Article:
The Best Prince of Persia Game Saved the Franchise — and Doomed it to Another Collapse

Travel back in time with us to the ancient days of... 2003.

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The transition from 2D to 3D decimated gaming’s most famous franchises. For every sublime Super Mario 64, there was a hideous Bubsy 3D. For every inventive Rayman 2, there was a bland Earthworm Jim 3D. For every Sonic Adventure, there was a Sonic Heroes, Shadow the Hedgehog, Sonic the Hedgehog, Sonic and the Secret Rings, Sonic Unleashed, and whatever Sonic game most recently came out as you read this.

Not every franchise had the staying power necessary to shrug off duds. Titles like Final Fight: Streetwise and Golden Axe: Beast Rider were so dull and dreary they abruptly ended beloved series, and for a while, it looked like Prince of Persia would share their fates. But in 2003, four years after Prince of Persia 3D flopped, The Sands of Time saved the day with a near-perfect adventure.

Prince of Persia was always known for its innovations. Its 1989 Apple II debut, designed by Jordan Mechner, used rotoscoping to give its platforming and dueling the look of a living swashbuckler. In 1999, Prince of Persia 3D was supposed to bring the series’ puzzles and platforming to a new dimension, but muddy graphics, a clunky camera, and inarticulate controls made it difficult to capture what made the 2D games so compelling. There were flashes of brilliant level design, but the development team just couldn’t grasp the nuances of the Z-axis.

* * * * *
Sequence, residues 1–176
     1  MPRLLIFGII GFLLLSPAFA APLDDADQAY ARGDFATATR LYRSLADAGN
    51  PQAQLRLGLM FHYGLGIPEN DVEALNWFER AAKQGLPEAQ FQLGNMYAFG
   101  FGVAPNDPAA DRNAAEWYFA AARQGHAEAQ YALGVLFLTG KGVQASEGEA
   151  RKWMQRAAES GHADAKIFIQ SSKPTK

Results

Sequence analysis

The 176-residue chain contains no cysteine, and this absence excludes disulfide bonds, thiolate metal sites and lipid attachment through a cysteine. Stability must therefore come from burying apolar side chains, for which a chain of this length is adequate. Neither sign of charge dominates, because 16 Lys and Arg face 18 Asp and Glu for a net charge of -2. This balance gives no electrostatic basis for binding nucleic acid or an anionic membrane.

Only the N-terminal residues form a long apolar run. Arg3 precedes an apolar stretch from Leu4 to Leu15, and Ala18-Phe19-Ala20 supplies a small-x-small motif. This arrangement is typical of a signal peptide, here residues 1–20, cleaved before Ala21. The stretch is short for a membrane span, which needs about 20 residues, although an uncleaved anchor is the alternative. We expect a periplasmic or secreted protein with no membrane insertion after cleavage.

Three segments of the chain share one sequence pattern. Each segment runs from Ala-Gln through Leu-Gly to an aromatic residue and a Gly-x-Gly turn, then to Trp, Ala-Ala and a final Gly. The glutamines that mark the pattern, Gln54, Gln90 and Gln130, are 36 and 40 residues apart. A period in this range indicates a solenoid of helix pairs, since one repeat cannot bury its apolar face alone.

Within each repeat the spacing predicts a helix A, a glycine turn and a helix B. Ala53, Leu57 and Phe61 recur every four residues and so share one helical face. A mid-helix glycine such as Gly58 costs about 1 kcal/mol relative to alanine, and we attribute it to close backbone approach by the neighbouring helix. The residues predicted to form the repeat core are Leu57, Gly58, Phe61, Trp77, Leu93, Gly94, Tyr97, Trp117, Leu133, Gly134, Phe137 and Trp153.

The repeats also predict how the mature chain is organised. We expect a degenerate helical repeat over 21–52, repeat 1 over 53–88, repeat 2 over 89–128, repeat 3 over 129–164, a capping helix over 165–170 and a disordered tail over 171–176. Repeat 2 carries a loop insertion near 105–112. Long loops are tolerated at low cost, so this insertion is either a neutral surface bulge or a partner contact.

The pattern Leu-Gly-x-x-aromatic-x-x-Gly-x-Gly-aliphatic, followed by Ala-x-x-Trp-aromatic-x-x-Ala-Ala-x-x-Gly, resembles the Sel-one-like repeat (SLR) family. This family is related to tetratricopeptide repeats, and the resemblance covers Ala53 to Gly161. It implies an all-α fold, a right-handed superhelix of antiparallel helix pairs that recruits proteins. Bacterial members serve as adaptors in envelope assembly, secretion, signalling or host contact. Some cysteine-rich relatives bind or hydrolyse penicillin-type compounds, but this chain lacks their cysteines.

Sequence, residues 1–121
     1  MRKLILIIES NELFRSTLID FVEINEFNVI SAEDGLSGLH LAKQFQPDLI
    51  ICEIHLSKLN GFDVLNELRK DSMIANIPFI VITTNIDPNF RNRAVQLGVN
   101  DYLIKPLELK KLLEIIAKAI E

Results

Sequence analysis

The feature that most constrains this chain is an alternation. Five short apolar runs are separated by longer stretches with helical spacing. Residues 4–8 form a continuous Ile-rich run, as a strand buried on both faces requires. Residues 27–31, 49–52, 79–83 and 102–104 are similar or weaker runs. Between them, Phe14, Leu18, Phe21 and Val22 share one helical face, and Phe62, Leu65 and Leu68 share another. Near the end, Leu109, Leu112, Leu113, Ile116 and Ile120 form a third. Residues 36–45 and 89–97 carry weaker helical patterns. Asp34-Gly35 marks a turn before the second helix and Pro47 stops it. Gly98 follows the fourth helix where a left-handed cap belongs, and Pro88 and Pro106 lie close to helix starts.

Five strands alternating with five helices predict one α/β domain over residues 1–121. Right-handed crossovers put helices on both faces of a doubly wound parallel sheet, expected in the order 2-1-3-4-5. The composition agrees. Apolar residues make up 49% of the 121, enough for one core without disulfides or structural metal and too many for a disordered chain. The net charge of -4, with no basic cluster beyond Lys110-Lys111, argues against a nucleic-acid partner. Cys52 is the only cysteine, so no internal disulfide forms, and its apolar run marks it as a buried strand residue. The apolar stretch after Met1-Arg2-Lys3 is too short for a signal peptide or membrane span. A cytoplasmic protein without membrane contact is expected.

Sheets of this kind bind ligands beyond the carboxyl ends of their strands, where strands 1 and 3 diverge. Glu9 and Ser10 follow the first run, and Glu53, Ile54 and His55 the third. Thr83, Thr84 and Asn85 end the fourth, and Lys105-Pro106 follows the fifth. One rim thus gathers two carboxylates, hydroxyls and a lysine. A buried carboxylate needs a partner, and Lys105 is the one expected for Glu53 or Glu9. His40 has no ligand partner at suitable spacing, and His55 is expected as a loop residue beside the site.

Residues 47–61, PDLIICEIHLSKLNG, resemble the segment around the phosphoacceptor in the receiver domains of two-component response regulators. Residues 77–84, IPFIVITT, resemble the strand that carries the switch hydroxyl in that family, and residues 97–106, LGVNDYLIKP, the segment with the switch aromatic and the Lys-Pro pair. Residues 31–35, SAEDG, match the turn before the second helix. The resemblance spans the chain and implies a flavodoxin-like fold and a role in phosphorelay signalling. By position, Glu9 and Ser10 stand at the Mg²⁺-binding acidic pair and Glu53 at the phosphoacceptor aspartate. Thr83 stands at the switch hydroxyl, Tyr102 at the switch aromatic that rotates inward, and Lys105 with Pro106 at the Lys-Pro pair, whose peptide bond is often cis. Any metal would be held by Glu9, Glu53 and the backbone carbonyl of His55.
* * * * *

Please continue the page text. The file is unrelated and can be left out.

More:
Prince of Persia 3D was... of its time.

Red Orb Entertainment

A frustrated Mechner left the industry, but then Ubisoft came calling about a reboot. Long story short, Prince of Persia: The Sands of Time became one of the most acclaimed titles of a generation. The franchise’s second transition attempt remains a landmark in how to pivot a franchise, offering a fresh take that retained the old ethos.

First and foremost, Sands’ platforming is luxurious. Chaining together wall running, pillar climbing, and trap dodging is immediately intuitive but demands timing and attention, especially once complicated sequences begin to require long strings of uninterrupted success. Often, one error is enough to send you plummeting into a bottomless pit, which is where the game’s second selling point emerges.

The Prince soon acquires the Dagger of Time, which allows him to unwind mistakes and control the flow of combat. A feature inspired by, of all things, designer Patrice Désilets’ frustrations with Donald Duck: Goin’ Quackers, it’s more than a simple undo button. You have to ration your sand and take dangerous diversions to expand the Dagger’s capacity, making it a memorable tool before time manipulation became a recognized game mechanic.

When you’re not deciding whether it’s worth spending precious sand to undo the damage caused by taking an oscillating axe to the gonads, you’re either fighting or puzzling out elaborate contraptions. You’re joined by Princess Farah, a tenuous ally. A companion character isn’t a novel idea either, but in 2003, it was refreshing to have one that pumped arrows into your foes and moved winches for you rather than get stuck in doorways.